11. Not sure the sheeple have figured it out, they have just run out of cash. Will run out of work soon too.
  12. What if it goes the other way and results in a reduction in the number of civil servants?
  13. Was in a similar position in 1990. Have the second child, enjoy them, time will pass and things will get better.
  14. I'm scared too. Who is going to pay to clean up this mess? Not the slack jawed, lame brained, debt ridden cretins who got us into it. Not our lords and masters with their large salaries and pension perks. Me and you and anybody else with enough sense to still be debt free and ready for a large tax take. rant over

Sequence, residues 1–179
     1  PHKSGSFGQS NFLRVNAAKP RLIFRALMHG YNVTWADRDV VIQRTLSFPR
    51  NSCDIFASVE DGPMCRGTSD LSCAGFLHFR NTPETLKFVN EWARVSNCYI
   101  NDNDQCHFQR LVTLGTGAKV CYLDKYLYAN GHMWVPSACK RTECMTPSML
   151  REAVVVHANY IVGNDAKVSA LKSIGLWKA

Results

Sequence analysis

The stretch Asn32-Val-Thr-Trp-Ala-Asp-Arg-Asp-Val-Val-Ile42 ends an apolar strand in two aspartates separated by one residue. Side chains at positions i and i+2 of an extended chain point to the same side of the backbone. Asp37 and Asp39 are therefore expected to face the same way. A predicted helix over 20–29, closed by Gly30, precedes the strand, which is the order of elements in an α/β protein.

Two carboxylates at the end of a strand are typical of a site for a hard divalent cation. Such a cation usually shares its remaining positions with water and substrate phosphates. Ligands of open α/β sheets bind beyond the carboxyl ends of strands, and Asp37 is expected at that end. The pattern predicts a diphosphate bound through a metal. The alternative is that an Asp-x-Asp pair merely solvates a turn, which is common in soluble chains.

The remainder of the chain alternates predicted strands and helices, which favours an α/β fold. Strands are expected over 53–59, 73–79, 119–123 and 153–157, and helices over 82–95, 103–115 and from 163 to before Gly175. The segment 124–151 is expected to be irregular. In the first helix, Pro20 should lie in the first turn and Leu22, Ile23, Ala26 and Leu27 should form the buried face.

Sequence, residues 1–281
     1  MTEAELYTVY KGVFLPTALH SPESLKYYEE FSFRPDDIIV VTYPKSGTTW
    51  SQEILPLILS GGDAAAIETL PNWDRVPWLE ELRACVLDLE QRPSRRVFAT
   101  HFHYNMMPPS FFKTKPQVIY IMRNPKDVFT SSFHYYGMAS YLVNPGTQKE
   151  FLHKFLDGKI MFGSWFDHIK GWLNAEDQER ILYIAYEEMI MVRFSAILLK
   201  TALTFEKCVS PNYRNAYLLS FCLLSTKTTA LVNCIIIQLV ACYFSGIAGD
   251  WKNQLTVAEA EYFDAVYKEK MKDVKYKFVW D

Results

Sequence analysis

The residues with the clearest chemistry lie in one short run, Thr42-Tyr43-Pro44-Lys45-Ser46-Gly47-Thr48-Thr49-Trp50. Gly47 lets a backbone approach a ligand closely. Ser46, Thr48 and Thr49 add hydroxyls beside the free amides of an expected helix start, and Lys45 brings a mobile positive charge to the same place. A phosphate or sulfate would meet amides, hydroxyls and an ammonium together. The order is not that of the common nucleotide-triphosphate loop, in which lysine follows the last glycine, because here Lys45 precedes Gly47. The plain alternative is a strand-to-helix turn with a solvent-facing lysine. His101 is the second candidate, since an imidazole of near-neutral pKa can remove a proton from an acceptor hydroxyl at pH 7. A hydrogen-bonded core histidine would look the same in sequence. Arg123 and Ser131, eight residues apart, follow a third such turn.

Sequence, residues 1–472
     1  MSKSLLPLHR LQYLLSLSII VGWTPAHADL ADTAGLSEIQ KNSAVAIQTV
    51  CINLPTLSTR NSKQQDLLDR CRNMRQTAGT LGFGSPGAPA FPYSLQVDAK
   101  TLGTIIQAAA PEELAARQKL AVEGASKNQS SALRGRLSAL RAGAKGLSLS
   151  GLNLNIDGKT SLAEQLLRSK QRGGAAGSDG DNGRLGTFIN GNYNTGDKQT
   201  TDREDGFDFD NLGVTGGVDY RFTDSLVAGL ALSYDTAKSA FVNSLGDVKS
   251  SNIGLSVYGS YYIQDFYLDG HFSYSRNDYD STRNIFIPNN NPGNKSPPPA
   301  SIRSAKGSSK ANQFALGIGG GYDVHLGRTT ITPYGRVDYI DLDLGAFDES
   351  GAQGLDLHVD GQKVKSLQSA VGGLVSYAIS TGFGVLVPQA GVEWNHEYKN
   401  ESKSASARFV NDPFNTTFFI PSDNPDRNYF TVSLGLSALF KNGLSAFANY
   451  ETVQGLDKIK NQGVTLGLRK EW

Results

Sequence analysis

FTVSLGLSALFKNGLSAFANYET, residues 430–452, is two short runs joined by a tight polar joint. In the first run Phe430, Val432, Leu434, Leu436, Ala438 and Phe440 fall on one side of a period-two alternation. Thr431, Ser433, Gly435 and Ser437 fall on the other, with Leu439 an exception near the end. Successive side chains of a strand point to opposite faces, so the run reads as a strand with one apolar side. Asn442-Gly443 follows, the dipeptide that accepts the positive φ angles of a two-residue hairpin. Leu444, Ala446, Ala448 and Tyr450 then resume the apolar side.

15. Subject is renting and letting and the Law. Guess this should be in the renting section; but does anybody read that one? As most of us have landlords I think it's relevant.
  16. Looks like the city finally smelled the coffee, wonder if its drifted along to Westminster yet?
  17. As the price will rise and the costs hardly move, the profits will be good for a while.
  18. only one line - get a push bike and a wooly jumper